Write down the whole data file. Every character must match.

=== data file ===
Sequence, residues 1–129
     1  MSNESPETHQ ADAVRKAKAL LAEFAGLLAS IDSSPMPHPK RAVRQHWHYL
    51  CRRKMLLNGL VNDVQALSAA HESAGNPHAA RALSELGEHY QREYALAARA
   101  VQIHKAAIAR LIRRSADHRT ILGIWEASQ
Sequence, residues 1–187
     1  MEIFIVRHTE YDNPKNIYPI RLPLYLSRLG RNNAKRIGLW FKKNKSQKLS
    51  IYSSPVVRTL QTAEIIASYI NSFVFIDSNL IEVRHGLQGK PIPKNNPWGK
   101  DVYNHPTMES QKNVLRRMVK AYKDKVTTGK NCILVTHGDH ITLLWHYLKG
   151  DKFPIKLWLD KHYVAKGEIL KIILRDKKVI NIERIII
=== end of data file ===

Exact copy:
Sequence, residues 1–129
     1  MSNESPETHQ ADAVRKAKAL LAEFAGLLAS IDSSPMPHPK RAVRQHWHYL
    51  CRRKMLLNGL VNDVQALSAA HESAGNPHAA RALSELGEHY QREYALAARA
   101  VQIHKAAIAR LIRRSADHRT ILGIWEASQ
Sequence, residues 1–187
     1  MEIFIVRHTE YDNPKNIYPI RLPLYLSRLG RNNAKRIGLW FKKNKSQKLS
    51  IYSSPVVRTL QTAEIIASYI NSFVFIDSNL IEVRHGLQGK PIPKNNPWGK
   101  DVYNHPTMES QKNVLRRMVK AYKDKVTTGK NCILVTHGDH ITLLWHYLKG
   151  DKFPIKLWLD KHYVAKGEIL KIILRDKKVI NIERIII